I’m back with another set of bookmarks for students and teachers. Because I’ve taught the IB Environmental systems and societies course for several years, this set of online resources is closest to my heart. Some of these links are here simply because I think they’re cool or fun. Many may also be applicable for studying biology and chemistry as well. Let’s get to it:
United States Census Bureau. Extensive database of global human populations. Can be used to create age-sex pyramids, as well as other applications.
Earth wind map. A cool interactive resource to check wind patterns in real time anywhere on the planet.
Wildlife survey field lab template. This PDF from the Florida Department of Environmental Protection has a good layout to help middle school teachers and students design their own field surveys.
GRID-Arendal Maps and Infographics Library. In association with UNEP. This is one of my favorite resources for teaching environmental science. Searchable by topic, keyword, or geography. All maps and images are free to share. Awesome!
Timelapse. Watch the world change over the course of nearly three decades of satellite photography.
We are 1 week from the summative unit test in grade 9 science, which means it’s time to start revising. Here’s a list of the major topics you’re likely to find on the test.
Cell structure and function
Plant vs animal
Energy flow through ecosystems
Nutrient cycles within ecosystems
Photosynthesis and respiration
Levels of organization
There will be several skills assessed on the test: recalling scientific facts (vocabulary and definitions, labeling diagrams), explaining scientific concepts, analyzing results, and evaluating trends in experimental data. Make sure you know this stuff well!
Biogeochemical cycles trace the movement of matter and nutrients through living organisms (“bio-“), planetary systems (“geo-“) and chemical reactions (“chemical”) throughout every part of Earth. The carbon cycle and the nitrogen cycle are possibly the 2 most important biogeochemical cycles on Earth. Here are a few fun videos to help you learn about these two essential cycles in our study of life and ecology.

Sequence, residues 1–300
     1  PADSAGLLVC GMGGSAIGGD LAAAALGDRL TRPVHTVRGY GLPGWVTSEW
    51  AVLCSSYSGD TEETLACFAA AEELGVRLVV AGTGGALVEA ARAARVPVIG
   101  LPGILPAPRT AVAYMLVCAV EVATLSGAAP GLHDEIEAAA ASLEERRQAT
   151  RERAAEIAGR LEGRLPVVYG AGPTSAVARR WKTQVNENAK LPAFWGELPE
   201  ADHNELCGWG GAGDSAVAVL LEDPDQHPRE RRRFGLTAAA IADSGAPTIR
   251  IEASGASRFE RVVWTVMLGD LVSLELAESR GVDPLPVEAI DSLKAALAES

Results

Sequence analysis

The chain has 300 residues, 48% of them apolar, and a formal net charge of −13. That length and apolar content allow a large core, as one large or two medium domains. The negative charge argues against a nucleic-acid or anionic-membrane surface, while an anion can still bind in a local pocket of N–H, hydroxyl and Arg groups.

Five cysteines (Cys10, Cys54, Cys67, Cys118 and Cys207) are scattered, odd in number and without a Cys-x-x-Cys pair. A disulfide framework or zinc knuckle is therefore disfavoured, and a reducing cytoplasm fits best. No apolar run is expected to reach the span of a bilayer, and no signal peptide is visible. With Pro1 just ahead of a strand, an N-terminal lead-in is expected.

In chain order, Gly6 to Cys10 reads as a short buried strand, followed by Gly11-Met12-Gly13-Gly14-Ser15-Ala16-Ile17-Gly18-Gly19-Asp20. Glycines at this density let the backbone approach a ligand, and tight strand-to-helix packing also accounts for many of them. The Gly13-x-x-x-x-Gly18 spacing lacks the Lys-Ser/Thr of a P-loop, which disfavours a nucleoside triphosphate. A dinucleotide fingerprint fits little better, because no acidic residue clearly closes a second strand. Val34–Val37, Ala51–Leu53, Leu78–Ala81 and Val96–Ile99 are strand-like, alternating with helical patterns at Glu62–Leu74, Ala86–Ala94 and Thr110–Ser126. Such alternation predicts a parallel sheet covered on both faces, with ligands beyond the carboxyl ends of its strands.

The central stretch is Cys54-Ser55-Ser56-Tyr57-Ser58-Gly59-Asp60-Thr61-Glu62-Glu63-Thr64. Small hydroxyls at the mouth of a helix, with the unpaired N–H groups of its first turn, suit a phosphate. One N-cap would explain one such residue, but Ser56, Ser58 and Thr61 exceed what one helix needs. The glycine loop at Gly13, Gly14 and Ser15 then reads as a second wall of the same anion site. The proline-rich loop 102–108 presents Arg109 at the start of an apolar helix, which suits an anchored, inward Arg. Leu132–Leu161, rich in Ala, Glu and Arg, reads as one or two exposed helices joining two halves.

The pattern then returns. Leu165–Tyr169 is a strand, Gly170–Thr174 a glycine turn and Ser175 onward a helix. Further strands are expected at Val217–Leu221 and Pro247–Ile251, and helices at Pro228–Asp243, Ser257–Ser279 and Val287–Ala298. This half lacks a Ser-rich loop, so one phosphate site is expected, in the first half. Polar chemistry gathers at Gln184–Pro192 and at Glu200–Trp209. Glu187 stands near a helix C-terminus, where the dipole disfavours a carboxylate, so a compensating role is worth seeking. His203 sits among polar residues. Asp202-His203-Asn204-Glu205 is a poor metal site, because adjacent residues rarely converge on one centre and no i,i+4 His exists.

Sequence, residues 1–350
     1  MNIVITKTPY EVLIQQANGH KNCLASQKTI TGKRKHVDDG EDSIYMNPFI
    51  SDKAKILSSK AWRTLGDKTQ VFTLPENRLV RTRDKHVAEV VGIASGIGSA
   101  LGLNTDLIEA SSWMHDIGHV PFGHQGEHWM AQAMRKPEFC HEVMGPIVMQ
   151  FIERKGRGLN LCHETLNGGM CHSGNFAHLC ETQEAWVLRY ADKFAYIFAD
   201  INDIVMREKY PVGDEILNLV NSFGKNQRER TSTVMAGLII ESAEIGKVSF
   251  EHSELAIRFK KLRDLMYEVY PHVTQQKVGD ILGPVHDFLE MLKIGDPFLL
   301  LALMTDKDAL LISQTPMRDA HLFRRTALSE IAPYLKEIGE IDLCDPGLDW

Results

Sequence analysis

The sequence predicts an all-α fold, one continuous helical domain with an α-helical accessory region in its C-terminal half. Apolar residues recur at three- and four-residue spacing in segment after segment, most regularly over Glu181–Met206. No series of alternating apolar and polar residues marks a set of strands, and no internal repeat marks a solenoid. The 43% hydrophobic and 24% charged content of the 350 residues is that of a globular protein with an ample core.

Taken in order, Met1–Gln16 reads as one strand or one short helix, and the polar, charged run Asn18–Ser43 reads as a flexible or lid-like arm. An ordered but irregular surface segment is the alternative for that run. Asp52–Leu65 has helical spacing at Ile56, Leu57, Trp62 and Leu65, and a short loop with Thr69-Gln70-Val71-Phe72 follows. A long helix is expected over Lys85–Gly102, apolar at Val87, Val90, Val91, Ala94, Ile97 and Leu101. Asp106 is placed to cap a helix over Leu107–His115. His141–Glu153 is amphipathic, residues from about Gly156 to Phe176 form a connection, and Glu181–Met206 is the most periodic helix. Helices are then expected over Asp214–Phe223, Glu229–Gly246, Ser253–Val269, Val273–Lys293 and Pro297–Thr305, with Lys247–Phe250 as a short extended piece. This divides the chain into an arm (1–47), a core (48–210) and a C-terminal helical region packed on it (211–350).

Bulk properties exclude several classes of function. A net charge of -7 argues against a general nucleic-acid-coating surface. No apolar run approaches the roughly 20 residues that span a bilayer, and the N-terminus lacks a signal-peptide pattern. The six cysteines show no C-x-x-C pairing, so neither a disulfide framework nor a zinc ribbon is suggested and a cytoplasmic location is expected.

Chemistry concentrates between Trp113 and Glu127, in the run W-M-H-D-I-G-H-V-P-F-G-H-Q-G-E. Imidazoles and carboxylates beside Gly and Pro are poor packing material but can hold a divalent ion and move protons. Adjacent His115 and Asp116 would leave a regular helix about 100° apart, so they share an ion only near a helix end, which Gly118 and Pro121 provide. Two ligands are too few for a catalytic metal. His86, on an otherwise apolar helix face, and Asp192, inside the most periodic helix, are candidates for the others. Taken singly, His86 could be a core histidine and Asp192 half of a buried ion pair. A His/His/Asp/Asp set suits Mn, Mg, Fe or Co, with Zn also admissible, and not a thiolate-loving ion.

First, a nice explanation of the carbon cycle:
Second, a little carbon music video:
Third, click on this link to BBC Bitesize Science for a very well-thought-out activity about the carbon cycle. It incorporates photosynthesis, respiration, biological molecules, and trophic levels.
Fifth, CrashCourse Science at YouTube offers us this entertaining and educational video about the nitrogen and phosphorus cycles (You don’t have to know about the phosphorus cycle in this class, but it’s helpful if you take more advanced biology courses):
I found this presentation while looking through some stuff over at Slideshare.net, which is a pretty good resource for school notes if you haven’t found it yet. The teacher for this class includes almost everything that we need to know about the differences between the movement of energy and nutrients through and within ecosystems, respectively.
The key points I want you to remember about this topic are as follows:
Energy enters, flows through, and leaves a system.
Nutrients cycle repeatedly within the system.
Most of the energy at any trophic level is lost before it can be used by the next trophic level.
Energy is lost 3 main ways:
waste (feces and tissue loss)
used for respiration
The video below is also fairly helpful. What I like about it is the blank energy and nutrient diagram he fills in as he moves through the ecosystem. It’s a nice approach to a possible future test question (hint, hint).
Image Credit: by Mark A. Hicks, illustrator, via school.discoveryeducation.com
I’ve heard this question a bunch of times already this week, and it’s only Tuesday morning! If you’ve been paying attention in class, you should already have a pretty good idea of what will be on the quiz. If you haven’t been paying attention, I’m going to give you a couple of hints in this post.
9A + 9C: Friday 4 October
9B: Monday 7 October
Criterion C1: Explaining Scientific Information
Level 1-2 Questions: Matching definitions with vocabulary, labeling diagrams
Level 3-4 Questions: Identifying and correcting True/False statements
Level 5-6 Questions: Describing and explaining scientific concepts.
Welcome to the biology unit, kids! I’ve added a couple of helpful documents to this post, which you will want to refer to as we move through our unit on the organization of life on Earth.
The first document, G9 Biology Vocabulary, is an outline of the major concepts in this unit. It’s basically a big list of important vocabulary words. I’ve intentionally left out the definitions, examples, and explanations, because that’s what you need to add – that’s how you learn! You should download this document and add to it as we cover different topics during the unit.
The second document, G9 Biology vocabulary matchup, is the collection of cards we used in class. You’ll find vocabulary terms and definitions organized into columns and sorted by topic. This will be a nice reference in case you miss something during a class.